Archive for the ‘Learning’ Category

Don’t do more

August 5, 2010
Sue Gardner

Sue Gardner

Sue Gardner, Executive Director of the Wikimedia Foundation, recently blogged about Wikimedia as “a sort of social movement“. Gardner asked why it is that Wikimedians don’t do more to encourage internal solidarity and support kindness, understanding, generosity and a sense of common purpose. Interesting question.

What sort of social movement is Wikimedia? If you read the Wikimedia Foundation’s statements on Mission, Values, Vision and Bylaws you find no description of Wikimedia as a social movement. If you search the Foundation’s website you can find this quote from Wikimedia Foundation Trustee, Matt Halprin: “The Wikimedia Foundation is a critical player in the growing social movement toward greater transparency and openness.”

Gardner wrote, “Our goal is to make information easily available for people everywhere around the world – free of commercialism, free of charge, free of bias.” If you read the Wikimedia Foundation’s statements on Mission, Values, Vision and Bylaws you find no description of Wikimedia bias. If you search the Wikimedia Foundation’s website you can find this quote from Doron Weber, Director of the Sloan Foundation’s Program for Universal Access to Recorded Knowledge about Wikipedia: “…Wikipedia represents a quantum leap in collecting human knowledge from diverse sources, organizing it without commercial or other bias…..”

How does the Wikimedia Foundation measure up for transparency and what about bias in Wikipedia? Wikipedia allows anonymous editors to publish biased information about living people. For example, on March 8, 2006, an anonymous Wikipedia editor created a Wikipedia biography article about a university professor. That anonymous Wikipedia editor violated Wikipedia’s rules that are designed to keep Wikipedia free of biased biographies of living people. When a colleague of the university professor sought to correct the biased Wikipedia biography, he was blocked from editing Wikipedia and his user page was defaced and locked. Rather than follow Wikipedia policy and correct the biased biography, a gang of Wikipedians attacked and harassed the person who tried to correct the bias.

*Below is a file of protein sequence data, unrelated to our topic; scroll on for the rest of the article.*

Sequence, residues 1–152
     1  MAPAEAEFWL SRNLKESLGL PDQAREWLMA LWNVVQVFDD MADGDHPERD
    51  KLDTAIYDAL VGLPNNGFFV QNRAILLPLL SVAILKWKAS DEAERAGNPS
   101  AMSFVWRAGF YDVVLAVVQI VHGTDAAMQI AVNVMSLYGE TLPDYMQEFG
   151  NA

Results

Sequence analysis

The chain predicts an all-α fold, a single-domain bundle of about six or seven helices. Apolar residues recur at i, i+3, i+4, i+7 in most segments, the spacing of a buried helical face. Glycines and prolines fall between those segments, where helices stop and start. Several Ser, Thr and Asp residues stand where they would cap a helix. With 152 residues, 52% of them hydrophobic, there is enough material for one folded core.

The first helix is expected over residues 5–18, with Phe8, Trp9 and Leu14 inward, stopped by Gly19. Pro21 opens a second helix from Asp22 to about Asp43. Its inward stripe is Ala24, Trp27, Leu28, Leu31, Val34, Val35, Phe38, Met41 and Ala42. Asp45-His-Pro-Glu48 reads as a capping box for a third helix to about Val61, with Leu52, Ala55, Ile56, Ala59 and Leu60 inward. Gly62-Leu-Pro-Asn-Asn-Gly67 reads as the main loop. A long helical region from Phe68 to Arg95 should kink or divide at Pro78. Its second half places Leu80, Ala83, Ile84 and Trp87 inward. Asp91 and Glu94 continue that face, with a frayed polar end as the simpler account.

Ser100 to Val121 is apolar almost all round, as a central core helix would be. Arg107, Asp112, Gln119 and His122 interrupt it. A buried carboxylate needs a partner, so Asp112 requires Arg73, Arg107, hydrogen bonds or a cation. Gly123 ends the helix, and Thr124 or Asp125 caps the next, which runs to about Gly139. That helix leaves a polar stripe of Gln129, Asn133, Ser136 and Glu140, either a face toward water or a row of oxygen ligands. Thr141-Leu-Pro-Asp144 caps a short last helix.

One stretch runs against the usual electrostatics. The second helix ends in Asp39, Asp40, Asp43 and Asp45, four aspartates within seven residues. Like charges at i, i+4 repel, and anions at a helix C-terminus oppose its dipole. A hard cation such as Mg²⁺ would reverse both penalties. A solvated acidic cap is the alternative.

The gang of policy-violating Wikipedians, not content to simply block their fellow Wikipedian who had tried to keep Wikipedia free of bias, stalked him to his personal blog and subjected him to vile online harassment. The gang of policy-violating Wikipedians also followed Moulton to Wikiversity and harassed him there, with the stated objective of getting Moulton banned from participation at Wikiversity. The gang of policy-violating Wikipedians was successful by gaming Wikimedia Foundation Board member Jimbo Wales into violating Wikiversity policy and imposing an infinite duration block on Moulton, a block imposed against consensus and with no public discussion of the block. The decision to impose this policy-violating  block on Moulton was made by a few Wikipedians acting in secret. So much for the “transparency and openness” of the Wikimedia Foundation. Moulton, who only tried to help Wikimedia, is still subjected to continuing harassment by Wikimedia functionaries. Why are a few “special” Wikipedians and anonymous editors still allowed to force their personal biases on the world by using Wikipedia as their publishing platform? What is the ethical nature of an organization that allows anonymous editors to publish false claims about living people? Why are honest Wikimedians like Moulton harassed and driven away when they try to remove bias from Wikimedia? Should anyone take Sue Gardner seriously when she talks about the Wikimedia Foundation having a goal of being free from bias? (related blog post)

In 2010, a Wikiversity community member created a learning project aimed at finding an ethical means to improve Wikimedia projects. The Ethical Breaching Experiments learning project was deleted by Jimbo Wales, without community discussion, in violation of Wikiversity policy and against community consensus. The creator of the learning project was blocked from editing by Jimbo Wales, in violation of Wikiversity policy. In an effort to impose his misguided disruption of Wikiversity on the community, Jimbo Wales threatened Wikiversity with closure. Sue Gardner threw her support behind the misguided actions of Jimbo Wales.

Sue Gardner asked why it is that Wikimedians don’t do more to encourage internal solidarity and support kindness, understanding, generosity and a sense of common purpose. Yes, Sue, why don’t you? Why did you support Jimbo Wales in his misguided disruption of Wikiversity?

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Community discussion at Wikiversity

July 12, 2010

Ever wonder how a group of collaborators in a wiki community can reach consensus about contentious issues? The Wikimedia way is to block a wiki participant who disagrees with you. If your block stands, it will intimidate everyone who does not agree with you. Below is a recent community discussion at Wikiversity, presented in wikitwit format.

A community discussion at Wikiversity

A community discussion at Wikiversity.